MySQL installation and configuration

Installation

validation-status-icon-error WARNING

MySQL database is supported up to version 5.7 and ODBC driver up to version 5.3.10. Upgrading to a higher version (5.3.11 or 8.x) of MySQL and ODBC driver is not recommended.

If you have already installed and configured MySQL, proceed to Configuration.

validation-status-icon-error WARNING

MariaDB is a default database in most current Linux environments and gets installed when you select to install MySQL.

MariaDB is not supported by ESET Remote Administrator!

validation-status-icon-warning IMPORTANT

Please make sure to install MySQL for ESET Remote Administrator to work properly. Before installing the database on Linux, add MySQL repository:

Debian, Ubuntu: Adding the MySQL APT Repository

CentOS, Red Hat Fedora: Adding the MySQL Yum Repository

OpenSUSE, SUSE Linux Enterprise Server: Adding the MySQL SLES Repository

After adding the MySQL repository, you can proceed with MySQL installation.

Installation of MySQL will differ depending on the Linux distribution and version used:

Debian and Ubuntu distributions

Use the following command to install MySQL:
sudo apt-get install mysql-server

Advanced installation: https://dev.mysql.com/doc/refman/5.7/en/linux-installation-apt-repo.html

CentOS, Red Hat and Fedora distributions

Use the following command to install MySQL:
sudo yum install mysql-server

Advanced installation: https://dev.mysql.com/doc/refman/5.7/en/linux-installation-yum-repo.html

OpenSUSE distribution

Use the following command to install MySQL:
sudo zypper install mysql-community-server

Manual installation

Download and install MySQL Community Server edition from:
http://dev.mysql.com/downloads/


Configuration

Run the following command to open the my.cnf (my.ini for Windows installation) file in a text editor:

sudo nano /etc/mysql/my.cnf
(if the file is not present, try /etc/my.cnf)

Find the following configuration in the [mysqld] section of the my.cnf file and modify the values. (If the parameters are not present in the file, add them to the [mysqld] section ):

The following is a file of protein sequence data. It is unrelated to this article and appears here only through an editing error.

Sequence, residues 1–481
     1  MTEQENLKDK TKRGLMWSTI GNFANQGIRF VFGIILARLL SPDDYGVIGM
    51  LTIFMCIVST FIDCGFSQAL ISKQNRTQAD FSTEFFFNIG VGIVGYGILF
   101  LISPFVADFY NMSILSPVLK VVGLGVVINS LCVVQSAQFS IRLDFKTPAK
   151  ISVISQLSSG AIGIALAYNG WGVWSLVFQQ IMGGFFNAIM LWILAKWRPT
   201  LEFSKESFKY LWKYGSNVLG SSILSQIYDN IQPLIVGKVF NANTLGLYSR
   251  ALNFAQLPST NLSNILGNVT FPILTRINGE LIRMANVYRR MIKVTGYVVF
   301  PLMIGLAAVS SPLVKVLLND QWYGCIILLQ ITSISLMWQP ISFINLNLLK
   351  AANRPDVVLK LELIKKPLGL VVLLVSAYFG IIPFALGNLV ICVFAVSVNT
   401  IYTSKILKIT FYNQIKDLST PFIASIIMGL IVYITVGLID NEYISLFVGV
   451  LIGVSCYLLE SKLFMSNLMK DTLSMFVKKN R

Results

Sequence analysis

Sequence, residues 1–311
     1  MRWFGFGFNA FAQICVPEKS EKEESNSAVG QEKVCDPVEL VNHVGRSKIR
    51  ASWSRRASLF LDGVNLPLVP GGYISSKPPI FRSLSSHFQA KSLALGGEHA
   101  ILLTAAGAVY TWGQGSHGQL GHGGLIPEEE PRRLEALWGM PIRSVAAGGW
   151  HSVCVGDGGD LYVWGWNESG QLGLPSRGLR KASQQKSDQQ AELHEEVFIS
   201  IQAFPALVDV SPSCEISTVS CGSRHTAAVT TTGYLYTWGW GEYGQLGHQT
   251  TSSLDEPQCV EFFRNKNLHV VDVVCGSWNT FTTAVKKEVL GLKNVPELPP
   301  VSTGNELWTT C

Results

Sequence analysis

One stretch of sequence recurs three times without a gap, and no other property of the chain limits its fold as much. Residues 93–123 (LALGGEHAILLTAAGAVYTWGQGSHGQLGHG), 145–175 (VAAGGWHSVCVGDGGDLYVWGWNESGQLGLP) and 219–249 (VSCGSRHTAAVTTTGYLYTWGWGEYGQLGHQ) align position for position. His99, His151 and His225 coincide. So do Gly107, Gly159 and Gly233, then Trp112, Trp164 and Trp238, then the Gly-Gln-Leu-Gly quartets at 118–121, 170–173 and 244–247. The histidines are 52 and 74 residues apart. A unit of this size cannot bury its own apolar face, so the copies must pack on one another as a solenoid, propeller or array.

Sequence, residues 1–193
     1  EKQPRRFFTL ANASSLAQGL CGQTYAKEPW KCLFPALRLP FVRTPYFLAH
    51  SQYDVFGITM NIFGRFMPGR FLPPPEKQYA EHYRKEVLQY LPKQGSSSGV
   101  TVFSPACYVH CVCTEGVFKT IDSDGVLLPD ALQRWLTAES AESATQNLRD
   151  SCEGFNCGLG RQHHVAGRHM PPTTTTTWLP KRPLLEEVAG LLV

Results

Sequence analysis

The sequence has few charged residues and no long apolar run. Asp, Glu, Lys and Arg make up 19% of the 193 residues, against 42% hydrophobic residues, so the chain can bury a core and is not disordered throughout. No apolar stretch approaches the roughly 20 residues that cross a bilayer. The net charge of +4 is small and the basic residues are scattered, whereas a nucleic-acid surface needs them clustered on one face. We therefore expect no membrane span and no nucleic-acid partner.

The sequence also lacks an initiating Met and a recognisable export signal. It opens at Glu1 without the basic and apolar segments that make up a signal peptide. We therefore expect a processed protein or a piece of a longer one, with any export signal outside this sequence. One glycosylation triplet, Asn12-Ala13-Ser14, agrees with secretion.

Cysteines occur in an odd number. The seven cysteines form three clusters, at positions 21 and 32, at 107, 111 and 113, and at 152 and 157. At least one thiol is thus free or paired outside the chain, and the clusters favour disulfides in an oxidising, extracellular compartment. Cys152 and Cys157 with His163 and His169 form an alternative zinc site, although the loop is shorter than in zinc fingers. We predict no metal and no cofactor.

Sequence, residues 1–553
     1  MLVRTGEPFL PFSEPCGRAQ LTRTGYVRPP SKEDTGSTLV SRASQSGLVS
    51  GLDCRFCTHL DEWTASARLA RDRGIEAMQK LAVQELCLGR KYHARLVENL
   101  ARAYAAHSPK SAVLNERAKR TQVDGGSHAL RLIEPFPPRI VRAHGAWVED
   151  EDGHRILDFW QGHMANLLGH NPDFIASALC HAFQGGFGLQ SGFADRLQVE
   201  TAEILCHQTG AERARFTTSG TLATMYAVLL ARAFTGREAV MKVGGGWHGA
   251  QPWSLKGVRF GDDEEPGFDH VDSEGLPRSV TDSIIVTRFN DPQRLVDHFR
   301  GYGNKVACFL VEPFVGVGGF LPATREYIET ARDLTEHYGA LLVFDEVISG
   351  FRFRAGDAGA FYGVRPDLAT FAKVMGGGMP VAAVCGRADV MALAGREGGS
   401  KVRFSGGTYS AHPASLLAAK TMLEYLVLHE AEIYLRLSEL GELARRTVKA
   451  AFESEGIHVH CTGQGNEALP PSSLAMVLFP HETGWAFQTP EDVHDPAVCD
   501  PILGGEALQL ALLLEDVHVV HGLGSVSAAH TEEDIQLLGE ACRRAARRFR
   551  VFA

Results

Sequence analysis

max_allowed_packet=33M

For MySQL 5.6.20 and 5.6.21 (you can determine your MySQL version by using mysql --version):

oinnodb_log_file_size needs to be set to at least 200 MB (for example innodb_log_file_size=200M)

For MySQL >= 5.6.22:

oinnodb_log_file_size*innodb_log_files_in_group needs to be set to at least 200 MB (* denotes multiplication, the product of the two parameters must be > 200 MB. The minimal value for innodb_log_files_in_group is 2 and maximal value is 100, the value also has to be integer)
For example:
innodb_log_file_size=100M
innodb_log_files_in_group=2

 

Save and close the file and enter the following command to restart the MySQL server and apply the configuration (in some cases, the service name is mysqld):

sudo service mysql restart

Run the following command to set up MySQL including privileges and password (this is optional and may not work for some Linux distributions):

/usr/bin/mysql_secure_installation

Enter the following command to check whether the MySQL server is running:

sudo netstat -tap | grep mysql

If the MySQL server is running, the following line will be displayed. Note that the process identifier - PID (7668 in the example below) will be different:

tcp        0      0 localhost:mysql         *:*                LISTEN      7668/mysqld